The big thing about cable television, back in the good old days (or maybe the old good days), was that you were presumably paying for higher-quality programming. Not anymore:
[T]hey start out with high quality and unique programming, but eventually every channel has its own variant on:
- a show about a pawnshop or “antique pickers”
- some kind of food competition show
- a show about “tiny houses” with impossibly cute couples talking about how “great” it is to trade their big house for what’s essentially a stationary RV
- some kind of freakshow thing about medical conditions
- a fighting-family show, where either the family’s weirdness is the hook, or the fact that they all work in the same industry
- some kind of show that maybe claims some kind of “anthropology” cred but is really voyeurism like all those shows about the Amish a couple years ago.
You could have seen this coming thirty years ago:
By the early 1980s, cable television had reached millions of American households and was starting to draw significant audiences away from the “Big Three” broadcast television networks. All three networks saw opportunities to expand into cable television in order to protect and grow their audiences, and they all experimented with niche programming. In fact, all three traditional networks introduced arts-related channels within one year of each other. CBS launched CBS Cable in 1981, which focused on “art house” and critical acclaimed programs; NBC, meanwhile, launched the similarly formatted The Entertainment Channel.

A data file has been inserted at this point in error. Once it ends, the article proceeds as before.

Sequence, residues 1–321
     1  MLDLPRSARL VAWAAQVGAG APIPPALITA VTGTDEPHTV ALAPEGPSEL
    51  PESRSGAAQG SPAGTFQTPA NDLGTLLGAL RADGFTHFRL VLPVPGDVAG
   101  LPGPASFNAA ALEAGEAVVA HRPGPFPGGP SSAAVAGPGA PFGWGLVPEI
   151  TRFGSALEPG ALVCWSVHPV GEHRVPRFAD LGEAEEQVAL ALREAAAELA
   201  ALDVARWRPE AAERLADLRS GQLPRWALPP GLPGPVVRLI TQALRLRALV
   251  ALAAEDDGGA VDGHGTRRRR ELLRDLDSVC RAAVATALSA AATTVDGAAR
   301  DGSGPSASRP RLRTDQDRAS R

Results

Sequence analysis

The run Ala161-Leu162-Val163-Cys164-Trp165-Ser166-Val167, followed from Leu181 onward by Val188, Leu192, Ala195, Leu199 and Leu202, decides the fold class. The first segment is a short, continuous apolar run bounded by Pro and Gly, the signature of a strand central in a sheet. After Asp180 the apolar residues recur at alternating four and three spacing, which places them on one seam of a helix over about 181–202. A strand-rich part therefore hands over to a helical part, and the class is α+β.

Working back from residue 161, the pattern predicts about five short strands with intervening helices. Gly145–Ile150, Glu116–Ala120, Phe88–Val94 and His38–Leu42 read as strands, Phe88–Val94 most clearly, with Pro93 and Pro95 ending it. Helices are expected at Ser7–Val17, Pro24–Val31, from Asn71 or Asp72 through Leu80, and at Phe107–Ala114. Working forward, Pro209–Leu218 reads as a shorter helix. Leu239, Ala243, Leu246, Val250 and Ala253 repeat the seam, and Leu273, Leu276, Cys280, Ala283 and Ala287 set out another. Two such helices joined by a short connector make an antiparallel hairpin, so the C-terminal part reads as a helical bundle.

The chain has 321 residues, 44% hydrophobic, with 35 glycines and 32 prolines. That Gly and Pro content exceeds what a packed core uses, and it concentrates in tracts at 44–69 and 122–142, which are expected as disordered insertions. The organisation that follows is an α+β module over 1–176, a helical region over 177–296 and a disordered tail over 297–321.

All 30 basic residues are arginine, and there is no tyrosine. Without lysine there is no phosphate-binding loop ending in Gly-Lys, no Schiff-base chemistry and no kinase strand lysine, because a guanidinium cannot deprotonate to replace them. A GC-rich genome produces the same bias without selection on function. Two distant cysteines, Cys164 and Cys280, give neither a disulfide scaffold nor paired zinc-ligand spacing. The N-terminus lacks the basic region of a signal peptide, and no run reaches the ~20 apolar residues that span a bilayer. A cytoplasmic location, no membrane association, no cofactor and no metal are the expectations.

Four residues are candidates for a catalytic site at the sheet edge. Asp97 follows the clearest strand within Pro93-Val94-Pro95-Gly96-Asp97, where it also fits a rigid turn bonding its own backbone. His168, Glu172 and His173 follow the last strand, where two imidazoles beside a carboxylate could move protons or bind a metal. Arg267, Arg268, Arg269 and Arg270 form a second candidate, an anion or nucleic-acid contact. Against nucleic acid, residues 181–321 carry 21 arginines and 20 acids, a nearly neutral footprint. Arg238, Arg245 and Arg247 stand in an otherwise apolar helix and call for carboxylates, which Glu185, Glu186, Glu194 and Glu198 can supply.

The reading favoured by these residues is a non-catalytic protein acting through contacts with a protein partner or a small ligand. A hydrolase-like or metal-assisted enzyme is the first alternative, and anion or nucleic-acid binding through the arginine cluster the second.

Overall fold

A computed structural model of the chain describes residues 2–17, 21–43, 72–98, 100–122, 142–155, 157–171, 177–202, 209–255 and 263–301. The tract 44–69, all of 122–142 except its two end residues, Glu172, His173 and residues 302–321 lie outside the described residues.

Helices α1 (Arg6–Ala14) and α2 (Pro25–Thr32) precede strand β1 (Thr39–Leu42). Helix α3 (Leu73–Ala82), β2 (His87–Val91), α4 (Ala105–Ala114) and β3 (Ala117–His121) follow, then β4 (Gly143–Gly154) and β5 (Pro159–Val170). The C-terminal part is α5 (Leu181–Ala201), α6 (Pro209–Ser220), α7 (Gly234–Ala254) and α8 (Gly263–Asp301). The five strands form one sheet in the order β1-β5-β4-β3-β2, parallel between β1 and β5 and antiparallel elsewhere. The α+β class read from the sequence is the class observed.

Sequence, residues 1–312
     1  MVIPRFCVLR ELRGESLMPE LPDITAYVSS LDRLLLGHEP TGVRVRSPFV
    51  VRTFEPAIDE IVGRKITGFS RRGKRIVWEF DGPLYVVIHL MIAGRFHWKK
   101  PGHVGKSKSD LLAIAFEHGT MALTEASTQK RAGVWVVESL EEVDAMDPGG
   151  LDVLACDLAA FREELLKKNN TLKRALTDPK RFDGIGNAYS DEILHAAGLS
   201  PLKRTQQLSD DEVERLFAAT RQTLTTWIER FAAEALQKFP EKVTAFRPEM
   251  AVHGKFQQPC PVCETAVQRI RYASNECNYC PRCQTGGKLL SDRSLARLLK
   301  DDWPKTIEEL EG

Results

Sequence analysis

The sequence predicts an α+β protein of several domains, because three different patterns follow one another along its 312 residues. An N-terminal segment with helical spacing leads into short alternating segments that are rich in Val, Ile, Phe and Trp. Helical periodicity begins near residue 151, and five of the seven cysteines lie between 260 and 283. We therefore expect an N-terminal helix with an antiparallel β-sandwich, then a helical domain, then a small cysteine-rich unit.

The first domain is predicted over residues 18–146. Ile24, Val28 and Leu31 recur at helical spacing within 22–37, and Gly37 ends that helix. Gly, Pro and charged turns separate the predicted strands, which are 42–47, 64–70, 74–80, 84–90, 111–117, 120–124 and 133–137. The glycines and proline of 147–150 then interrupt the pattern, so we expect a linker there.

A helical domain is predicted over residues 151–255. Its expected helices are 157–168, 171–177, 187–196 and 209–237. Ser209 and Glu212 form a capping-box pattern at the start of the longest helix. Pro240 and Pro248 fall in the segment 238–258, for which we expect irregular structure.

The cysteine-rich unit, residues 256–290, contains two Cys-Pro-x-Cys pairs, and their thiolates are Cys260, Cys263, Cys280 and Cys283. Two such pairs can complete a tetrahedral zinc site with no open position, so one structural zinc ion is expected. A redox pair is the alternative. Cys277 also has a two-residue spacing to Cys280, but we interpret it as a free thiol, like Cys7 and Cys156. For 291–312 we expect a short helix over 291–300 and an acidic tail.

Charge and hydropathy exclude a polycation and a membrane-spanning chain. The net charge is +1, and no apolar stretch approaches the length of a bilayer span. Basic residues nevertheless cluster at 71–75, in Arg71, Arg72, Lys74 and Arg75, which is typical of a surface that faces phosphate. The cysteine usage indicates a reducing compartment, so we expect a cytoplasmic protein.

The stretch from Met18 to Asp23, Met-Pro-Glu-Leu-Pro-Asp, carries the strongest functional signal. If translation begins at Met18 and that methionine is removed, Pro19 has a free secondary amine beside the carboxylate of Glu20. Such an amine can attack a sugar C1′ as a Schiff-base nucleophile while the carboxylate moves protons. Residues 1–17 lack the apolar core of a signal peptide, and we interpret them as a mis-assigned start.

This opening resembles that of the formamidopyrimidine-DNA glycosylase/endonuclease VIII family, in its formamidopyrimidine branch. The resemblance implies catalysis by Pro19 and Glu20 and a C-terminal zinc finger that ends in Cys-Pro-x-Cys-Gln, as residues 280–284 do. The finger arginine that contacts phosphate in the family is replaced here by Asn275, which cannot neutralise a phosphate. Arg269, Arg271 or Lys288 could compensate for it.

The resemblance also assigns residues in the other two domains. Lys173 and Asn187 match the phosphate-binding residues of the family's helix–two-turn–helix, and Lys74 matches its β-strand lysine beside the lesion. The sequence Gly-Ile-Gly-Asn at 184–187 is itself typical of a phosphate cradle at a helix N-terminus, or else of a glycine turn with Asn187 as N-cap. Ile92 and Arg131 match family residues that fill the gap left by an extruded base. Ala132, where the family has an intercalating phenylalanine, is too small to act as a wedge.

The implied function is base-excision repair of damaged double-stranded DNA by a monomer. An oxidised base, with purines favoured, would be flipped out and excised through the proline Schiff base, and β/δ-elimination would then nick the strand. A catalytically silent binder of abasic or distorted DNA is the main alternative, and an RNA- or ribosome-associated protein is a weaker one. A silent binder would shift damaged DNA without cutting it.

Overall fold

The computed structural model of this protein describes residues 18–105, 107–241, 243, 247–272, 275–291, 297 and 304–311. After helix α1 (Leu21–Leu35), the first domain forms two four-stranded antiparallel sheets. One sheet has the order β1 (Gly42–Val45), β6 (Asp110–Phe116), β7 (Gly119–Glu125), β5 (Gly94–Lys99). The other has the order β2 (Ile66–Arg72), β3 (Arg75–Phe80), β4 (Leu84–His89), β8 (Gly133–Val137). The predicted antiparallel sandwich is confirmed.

ABC partnered with the Hearst Corporation to create its own arts-oriented service, the Alpha Repertory Television Service. ARTS launched on April 12, 1981, focusing on highbrow cultural fare such as opera, ballet, classical symphonic performances, dramatic theater productions and select foreign films (besides CBS Cable and The Entertainment Channel, ARTS also competed with Bravo and the Public Broadcasting Service). Many cable providers had limited channel bandwidth at that time over their headends; as a result, CBS Cable struggled to find channel carriage and an audience, eventually folding in late 1982. However, while ARTS fared no better in finding viewers, it shared channel space with Nickelodeon, signing on at 9:00 p.m. Eastern Time after the children’s television network ended its broadcast day. That shared channel arrangement was a perfect symbiotic scheduling match for the two networks given their respective audience demographics (the target viewership of ARTS either did not have young children or had sent them to bed by the time the channel began its programming).
What was ARTS is now, um, A&E, and it draws its programming largely from those half-dozen “ideas” above.